World Antimicrobial Awareness Week (18-24 November) is a global campaign held annually to raise awareness of antimicrobial resistance, encourage best practices to protect the effectiveness of antimicrobials, and reduce the emergence and spread of drug resistance.
Antimicrobials are medicines used to prevent and treat infections in humans, animals and plants. Drug resistance occurs when microbes, such as bacteria, viruses, fungi and parasites, evolve over time and no longer respond to antimicrobial medicines. As a result of drug resistance, antimicrobial medicines become ineffective, and infections become increasingly difficult or impossible to treat.
Drug resistance occurs in every part of the world, including Aotearoa New Zealand. While our rates of drug resistance are relatively low compared to many other countries, there is no room for complacency. In Aotearoa drug resistance is on the rise for some microorganisms and the consequences are grave. Resistant microbes can infect anyone, of any age, but the most vulnerable like children, the elderly, and people with weakened immune systems are hit first and hardest. Also, increased drug resistance can make surgical procedures more dangerous because of the increased risk of post-operative infection.
ESR’s world-leading scientists are at the forefront of this complex issue. As the specialist centre tasked with national surveillance of antibiotic resistance in human pathogens, ESR helps to identify rare and emerging resistant bacteria submitted by hospital and community laboratories, and in doing so, collects data and generates valuable information for government and health agencies.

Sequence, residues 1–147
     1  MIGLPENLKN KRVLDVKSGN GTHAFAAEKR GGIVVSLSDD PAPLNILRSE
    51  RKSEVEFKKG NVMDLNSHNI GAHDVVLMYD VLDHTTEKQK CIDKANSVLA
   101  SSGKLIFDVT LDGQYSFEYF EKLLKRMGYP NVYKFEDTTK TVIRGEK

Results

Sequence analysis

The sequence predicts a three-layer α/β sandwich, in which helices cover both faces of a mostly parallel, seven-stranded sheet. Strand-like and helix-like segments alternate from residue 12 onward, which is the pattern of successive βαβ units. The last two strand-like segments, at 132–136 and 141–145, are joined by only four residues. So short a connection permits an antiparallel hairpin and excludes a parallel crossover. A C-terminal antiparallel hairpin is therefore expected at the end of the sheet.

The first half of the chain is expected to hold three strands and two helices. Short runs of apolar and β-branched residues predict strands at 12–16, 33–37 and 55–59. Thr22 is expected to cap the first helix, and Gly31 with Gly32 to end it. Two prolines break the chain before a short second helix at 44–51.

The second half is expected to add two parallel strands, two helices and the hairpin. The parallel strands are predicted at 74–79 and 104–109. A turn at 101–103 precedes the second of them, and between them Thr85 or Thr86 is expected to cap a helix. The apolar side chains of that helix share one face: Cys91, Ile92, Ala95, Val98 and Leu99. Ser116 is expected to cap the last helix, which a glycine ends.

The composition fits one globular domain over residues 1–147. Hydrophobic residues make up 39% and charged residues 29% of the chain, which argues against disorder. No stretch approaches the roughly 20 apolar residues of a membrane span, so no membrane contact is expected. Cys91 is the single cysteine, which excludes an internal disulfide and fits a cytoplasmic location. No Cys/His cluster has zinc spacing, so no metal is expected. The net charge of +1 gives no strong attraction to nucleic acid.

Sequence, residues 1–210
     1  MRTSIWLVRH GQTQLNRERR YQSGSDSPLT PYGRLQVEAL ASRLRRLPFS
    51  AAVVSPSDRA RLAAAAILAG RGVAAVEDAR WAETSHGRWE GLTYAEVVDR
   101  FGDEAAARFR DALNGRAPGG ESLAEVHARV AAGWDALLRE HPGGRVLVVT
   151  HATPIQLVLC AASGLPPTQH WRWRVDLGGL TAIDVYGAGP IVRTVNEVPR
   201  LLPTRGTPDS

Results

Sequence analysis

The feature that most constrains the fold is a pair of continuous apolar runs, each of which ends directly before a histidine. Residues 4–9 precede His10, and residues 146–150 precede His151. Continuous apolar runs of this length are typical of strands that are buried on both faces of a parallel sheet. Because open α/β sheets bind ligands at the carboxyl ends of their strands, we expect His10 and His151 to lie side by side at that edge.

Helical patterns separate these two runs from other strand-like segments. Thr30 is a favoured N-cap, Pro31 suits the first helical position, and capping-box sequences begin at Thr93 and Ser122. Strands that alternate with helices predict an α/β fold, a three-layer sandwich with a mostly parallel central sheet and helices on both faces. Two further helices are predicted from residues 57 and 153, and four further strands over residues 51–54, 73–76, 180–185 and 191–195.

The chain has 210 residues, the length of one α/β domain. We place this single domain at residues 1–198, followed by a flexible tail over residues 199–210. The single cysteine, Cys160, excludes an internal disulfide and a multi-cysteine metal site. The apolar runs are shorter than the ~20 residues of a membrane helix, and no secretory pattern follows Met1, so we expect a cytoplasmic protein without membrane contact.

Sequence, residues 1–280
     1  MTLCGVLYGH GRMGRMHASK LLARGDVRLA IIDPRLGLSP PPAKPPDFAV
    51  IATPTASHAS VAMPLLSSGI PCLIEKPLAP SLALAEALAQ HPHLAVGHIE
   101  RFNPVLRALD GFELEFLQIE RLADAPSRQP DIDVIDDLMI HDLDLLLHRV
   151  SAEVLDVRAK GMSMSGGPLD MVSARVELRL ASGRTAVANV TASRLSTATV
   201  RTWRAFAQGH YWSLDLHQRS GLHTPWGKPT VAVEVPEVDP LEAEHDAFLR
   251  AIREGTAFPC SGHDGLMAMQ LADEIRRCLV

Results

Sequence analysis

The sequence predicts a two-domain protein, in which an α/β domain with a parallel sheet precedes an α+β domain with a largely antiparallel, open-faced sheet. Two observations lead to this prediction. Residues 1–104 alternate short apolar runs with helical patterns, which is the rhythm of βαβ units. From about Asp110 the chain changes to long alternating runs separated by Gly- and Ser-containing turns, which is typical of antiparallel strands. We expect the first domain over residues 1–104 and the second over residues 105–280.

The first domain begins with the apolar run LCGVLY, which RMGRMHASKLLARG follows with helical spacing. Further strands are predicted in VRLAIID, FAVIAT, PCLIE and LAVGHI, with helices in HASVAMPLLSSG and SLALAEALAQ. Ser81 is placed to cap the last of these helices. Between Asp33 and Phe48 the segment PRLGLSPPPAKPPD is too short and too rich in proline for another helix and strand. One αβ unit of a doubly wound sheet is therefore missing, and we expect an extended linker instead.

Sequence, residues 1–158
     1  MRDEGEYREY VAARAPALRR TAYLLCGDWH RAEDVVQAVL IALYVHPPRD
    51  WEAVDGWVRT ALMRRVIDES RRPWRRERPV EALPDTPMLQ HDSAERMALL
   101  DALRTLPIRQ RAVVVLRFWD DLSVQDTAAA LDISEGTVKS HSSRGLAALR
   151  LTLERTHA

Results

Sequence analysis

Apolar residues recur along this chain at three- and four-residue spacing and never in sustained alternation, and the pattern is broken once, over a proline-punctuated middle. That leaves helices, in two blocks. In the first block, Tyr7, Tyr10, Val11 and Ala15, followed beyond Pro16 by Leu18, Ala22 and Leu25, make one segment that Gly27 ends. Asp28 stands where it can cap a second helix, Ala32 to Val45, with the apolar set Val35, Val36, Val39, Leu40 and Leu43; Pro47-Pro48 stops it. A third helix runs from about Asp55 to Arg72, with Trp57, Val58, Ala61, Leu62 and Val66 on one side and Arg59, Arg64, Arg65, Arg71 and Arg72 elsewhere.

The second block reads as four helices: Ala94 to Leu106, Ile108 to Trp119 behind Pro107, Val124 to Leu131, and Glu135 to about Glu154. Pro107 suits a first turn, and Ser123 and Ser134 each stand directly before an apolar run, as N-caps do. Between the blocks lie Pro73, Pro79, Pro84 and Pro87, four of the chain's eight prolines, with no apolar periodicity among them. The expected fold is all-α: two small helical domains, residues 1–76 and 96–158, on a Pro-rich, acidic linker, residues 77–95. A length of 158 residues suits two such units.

This expertise in infectious disease and antimicrobial resistance also informs the national approach to understand and prevent drug resistance. Earlier this year, ESR Senior Scientist Dr Kristin Dyet contributed to PM Chief Science Report about AMR. The report was written by an expert panel of clinicians and scientists, and they advocated for increased collaboration between the medical, veterinary, and agricultural sectors to tackle drug resistance. While surveillance of resistant microbes for human health is an established system, there isn’t regular surveillance of microbes from animals, plants, and the environment.
Kristin explains that increased surveillance in these sectors is essential. "Our vision is to establish an integrated surveillance system that brings together information on microbes including drug-resistant microbes across human, animal, and plant health. This will provide us with enhanced information to detect emerging microbes early and to inform the implementation of public health interventions, which reduce the burden of infectious diseases including those from outbreaks."
The need for partnership between these different areas echoes the call from this year’s WAAW campaign, that we can work to “prevent antimicrobial resistance together.” And this collaboration goes beyond scientific research, because every one of us has a role to play in tackling drug resistance. For example, you should only use antibiotics when prescribed by a certified health professional and follow your health provider’s advice to take the whole course of antibiotics. It’s also important to never share or use leftover antibiotics.
We can also reduce drug resistant infections by preventing infections in the first place. Measures include regularly washing hands, preparing food hygienically, avoiding close contact with people who are unwell, practising safe sex, and ensuring vaccinations up to date.
This World Antibiotic Awareness Week, ESR hopes to amplify the message that we all have a role to play. Think about ways that you can prevent antimicrobial resistance and act to ensure that antibiotics continue to work now and into the future.